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4D Seismic Pilot Successfully Interprets Carbonate Reservoir

This paper describes interpretation results of a 4D seismic-monitoring program in a challenging Middle East carbonate reservoir. The program consists of a 4D pilot [oceanbottom cable (OBC)] over a giant field divided into two phases. The authors discuss the difficulties faced by both phases of the pilot, and prove that a reliable 4D signal can be extracted over a Middle East carbonate reservoir.

Introduction

The time-lapse, or 4D, seismic method consists of repeating seismic survey acquisitions over the production time of a field. Newer vintages are compared with previous ones, and the signal differences are interpreted to characterize effects of the production spatially. Though this technique is mature and has been widely used in clastic reservoir environments, it is still used rarely, in operational terms, to monitor carbonate fields.

An opportunity for a 4D proof-of-concept program in a Middle East marine carbonate environment was identified during a new OBC seismic acquisition in 2013. While the survey was intended for 3D imaging purposes, the operator decided to acquire a 4D pilot over a test area of approximately 25 km2 (Phase 1) while repeating as best as possible the 1994 acquisition design (baseline for this 4D study). The goal was, first, to process this test, and then, if a reliable 4D signal (above noise level) could be established, to propose interpretation in accordance with the field-production mechanisms.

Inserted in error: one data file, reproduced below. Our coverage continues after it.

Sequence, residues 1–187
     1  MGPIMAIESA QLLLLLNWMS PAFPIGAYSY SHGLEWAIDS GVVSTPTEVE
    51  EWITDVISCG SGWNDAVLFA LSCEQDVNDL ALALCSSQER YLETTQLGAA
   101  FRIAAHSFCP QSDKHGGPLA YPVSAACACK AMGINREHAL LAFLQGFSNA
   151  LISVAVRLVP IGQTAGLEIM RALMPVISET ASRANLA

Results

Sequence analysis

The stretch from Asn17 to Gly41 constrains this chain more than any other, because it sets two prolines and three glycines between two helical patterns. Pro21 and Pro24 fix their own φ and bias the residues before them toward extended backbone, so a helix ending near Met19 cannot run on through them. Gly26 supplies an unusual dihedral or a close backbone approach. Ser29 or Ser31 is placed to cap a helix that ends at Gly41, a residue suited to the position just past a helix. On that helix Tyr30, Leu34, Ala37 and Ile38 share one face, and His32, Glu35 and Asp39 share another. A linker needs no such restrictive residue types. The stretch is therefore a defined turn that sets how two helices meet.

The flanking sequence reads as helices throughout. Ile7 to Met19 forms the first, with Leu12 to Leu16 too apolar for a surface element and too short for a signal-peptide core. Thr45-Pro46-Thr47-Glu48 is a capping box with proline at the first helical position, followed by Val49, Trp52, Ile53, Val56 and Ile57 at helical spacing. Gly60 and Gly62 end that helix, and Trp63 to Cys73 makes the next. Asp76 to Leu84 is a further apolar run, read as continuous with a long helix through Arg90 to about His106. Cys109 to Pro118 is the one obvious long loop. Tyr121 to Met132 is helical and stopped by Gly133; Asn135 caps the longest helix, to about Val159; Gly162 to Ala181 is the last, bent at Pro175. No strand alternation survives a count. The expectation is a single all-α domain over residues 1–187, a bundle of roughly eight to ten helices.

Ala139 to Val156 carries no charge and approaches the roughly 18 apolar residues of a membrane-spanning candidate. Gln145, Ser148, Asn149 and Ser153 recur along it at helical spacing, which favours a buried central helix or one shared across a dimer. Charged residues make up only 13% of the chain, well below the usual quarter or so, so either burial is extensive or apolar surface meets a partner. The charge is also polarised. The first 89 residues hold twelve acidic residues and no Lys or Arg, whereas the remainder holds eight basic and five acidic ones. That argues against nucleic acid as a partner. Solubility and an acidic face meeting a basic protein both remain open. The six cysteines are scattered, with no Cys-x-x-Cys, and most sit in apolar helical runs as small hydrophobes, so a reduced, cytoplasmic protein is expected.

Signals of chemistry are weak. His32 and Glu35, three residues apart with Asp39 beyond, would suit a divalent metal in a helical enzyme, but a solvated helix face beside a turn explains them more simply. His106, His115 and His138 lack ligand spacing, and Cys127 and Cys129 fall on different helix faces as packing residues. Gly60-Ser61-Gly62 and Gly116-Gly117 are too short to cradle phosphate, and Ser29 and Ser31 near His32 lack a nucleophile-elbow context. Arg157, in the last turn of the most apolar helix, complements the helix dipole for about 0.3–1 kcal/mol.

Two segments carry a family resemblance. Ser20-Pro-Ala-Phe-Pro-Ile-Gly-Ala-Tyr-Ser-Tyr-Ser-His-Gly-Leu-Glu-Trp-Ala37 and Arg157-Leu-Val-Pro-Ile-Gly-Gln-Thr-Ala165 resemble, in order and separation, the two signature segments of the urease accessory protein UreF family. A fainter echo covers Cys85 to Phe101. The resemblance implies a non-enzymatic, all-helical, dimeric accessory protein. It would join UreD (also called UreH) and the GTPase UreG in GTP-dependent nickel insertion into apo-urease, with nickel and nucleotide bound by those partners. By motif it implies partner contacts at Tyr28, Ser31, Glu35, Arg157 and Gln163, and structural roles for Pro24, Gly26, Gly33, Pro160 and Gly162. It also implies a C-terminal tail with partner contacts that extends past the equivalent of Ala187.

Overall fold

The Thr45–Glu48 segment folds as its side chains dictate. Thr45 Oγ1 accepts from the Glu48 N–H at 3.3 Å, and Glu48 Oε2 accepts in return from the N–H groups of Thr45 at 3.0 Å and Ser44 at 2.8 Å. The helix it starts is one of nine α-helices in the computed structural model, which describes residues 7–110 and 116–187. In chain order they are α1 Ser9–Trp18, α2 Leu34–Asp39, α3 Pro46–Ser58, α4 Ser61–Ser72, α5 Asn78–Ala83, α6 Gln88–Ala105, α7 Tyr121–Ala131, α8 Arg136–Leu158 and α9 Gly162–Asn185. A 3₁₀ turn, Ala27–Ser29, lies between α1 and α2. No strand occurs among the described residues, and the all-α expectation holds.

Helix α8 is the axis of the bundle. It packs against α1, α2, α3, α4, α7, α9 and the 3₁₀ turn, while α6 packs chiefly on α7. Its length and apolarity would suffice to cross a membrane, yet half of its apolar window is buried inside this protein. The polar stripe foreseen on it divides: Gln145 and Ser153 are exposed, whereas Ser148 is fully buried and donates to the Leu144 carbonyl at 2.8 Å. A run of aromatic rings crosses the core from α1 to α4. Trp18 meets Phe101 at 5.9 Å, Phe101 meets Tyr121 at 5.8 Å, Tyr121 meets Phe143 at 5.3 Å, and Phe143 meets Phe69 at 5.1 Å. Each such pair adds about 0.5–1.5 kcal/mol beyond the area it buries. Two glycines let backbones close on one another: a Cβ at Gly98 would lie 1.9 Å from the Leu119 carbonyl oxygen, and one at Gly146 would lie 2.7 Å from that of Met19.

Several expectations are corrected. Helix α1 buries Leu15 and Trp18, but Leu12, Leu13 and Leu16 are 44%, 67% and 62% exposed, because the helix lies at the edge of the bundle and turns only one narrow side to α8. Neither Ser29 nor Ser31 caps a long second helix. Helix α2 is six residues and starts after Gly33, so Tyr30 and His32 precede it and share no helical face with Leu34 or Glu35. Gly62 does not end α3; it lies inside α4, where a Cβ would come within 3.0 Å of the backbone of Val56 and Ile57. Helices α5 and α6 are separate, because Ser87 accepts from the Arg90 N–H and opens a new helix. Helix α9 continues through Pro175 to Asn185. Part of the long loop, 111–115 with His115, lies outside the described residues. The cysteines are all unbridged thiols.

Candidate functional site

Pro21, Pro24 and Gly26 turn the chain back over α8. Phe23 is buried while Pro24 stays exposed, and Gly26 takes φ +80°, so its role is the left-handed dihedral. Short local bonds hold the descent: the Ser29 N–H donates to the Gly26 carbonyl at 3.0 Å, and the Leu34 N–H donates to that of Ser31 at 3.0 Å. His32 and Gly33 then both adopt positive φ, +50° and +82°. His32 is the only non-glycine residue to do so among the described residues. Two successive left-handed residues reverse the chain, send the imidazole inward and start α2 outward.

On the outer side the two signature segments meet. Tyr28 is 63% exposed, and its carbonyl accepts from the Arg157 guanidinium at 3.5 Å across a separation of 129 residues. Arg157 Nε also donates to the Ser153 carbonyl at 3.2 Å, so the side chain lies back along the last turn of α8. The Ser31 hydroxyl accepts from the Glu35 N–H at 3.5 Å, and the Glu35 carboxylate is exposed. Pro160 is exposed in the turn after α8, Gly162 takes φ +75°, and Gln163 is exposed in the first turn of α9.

This article, written by JPT Technology Editor Chris Carpenter, contains highlights of paper SPE 193063, “A Successful 4D Seismic-Monitoring Pilot in a Middle East Carbonate Reservoir Context,” by F. Cailly, T. Al-Romani, C. Hubans, and A. Lafram, Total, and A. Al Kaabi, ADNOC, prepared for the 2018 SPE Abu Dhabi International Petroleum Exhibition and Conference, Abu Dhabi, 11–14 November. The paper has not been peer reviewed.
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4D Seismic Pilot Successfully Interprets Carbonate Reservoir

01 March 2019

Volume: 71 | Issue: 3

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